Nearly 30,000 petitioners on Change.org want Minnesota-based Best Buy to formally oppose a ballot measure against gay marriage in the state.
The measure on the November general election ballot would amend the state constitution to define marriage as the union of a man and a woman. Already Minnesota does not recognize same-sex marriage.
With the ballot initiative battle intensifying, University of Minnesota Law School grad Andrew Korando started the Best Buy petition drive.
Two other major Minnesota companies, Target Corporation and General Mills, have announced stands against the anti-gay measure, saying it is discriminatory and bad for business.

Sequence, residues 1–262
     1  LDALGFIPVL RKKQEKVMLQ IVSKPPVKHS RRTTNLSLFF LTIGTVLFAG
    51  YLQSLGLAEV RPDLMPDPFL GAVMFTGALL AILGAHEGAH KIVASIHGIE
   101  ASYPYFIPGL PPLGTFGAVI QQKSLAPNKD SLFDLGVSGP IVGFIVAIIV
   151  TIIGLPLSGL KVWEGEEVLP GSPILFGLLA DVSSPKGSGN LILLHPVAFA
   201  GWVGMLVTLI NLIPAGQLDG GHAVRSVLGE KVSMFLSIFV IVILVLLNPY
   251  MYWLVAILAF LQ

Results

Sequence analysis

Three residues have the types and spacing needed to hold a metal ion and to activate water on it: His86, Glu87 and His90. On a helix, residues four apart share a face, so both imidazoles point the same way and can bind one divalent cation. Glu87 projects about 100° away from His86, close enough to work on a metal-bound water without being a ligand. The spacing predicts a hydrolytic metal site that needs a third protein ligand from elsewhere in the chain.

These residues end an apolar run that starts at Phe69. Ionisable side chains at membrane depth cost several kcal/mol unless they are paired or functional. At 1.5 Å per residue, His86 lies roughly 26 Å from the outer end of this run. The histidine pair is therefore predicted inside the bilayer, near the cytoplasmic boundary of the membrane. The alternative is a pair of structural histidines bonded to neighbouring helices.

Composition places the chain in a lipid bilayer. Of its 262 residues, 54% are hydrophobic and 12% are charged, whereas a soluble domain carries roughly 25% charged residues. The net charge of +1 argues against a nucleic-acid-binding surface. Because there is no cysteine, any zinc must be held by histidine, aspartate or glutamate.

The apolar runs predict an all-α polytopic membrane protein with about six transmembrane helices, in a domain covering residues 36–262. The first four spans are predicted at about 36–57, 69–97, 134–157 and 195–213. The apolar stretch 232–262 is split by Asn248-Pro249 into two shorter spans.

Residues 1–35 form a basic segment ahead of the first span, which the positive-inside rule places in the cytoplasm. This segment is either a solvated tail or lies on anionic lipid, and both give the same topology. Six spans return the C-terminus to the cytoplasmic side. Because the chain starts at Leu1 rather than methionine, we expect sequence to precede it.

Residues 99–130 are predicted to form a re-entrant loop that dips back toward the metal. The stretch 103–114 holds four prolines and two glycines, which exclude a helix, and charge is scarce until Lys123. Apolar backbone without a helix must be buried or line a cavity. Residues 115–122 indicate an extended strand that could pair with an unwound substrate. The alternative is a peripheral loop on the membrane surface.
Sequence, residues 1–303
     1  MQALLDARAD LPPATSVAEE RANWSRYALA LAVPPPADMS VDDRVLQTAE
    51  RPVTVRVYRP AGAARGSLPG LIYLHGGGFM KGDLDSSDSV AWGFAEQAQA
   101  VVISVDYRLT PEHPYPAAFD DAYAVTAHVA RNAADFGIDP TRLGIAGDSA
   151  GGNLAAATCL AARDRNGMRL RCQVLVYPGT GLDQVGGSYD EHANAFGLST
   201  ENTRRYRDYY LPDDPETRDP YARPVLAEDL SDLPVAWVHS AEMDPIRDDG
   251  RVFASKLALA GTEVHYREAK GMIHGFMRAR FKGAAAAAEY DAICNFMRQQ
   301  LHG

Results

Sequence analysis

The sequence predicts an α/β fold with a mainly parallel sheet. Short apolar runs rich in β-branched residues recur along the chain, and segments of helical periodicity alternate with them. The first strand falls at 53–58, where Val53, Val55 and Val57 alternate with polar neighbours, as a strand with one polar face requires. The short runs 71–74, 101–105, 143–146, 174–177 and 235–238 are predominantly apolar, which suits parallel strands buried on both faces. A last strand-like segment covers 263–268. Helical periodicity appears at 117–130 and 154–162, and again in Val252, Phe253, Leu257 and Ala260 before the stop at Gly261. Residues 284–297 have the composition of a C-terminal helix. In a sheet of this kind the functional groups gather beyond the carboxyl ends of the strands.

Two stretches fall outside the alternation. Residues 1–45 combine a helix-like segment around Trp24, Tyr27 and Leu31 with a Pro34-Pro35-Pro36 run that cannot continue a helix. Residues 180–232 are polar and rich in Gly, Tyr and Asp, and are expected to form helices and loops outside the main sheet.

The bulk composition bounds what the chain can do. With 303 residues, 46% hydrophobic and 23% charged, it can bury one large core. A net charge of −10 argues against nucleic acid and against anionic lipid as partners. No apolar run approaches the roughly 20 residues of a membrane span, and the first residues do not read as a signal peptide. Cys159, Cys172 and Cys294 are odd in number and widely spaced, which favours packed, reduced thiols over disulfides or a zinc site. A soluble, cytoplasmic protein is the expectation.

Target’s statement said a constitutional fight over the issue is not good for Minnesota or “the state’s ability to attract jobs and grow the economy.”
General Mills said the company does “not believe the proposed constitutional amendment is in the best interests of our employees or our state economy. We value diversity. We value inclusion.”
Best Buy, a company struggling with new technology and retail trends, had a perfect score on the Human Rights Campaign’s index on corporate LGBT equality until 2010, when it donated $100,000 to a political action committee that supported anti-gay candidates in 2010.
Korando said, “Best Buy’s silence on this discriminatory ballot measure is both economically and morally irresponsible. Laws that discriminate are never good for business because they undermine recruitment of top industry talent.”
On the Web: http://www.change.org/bestbuy.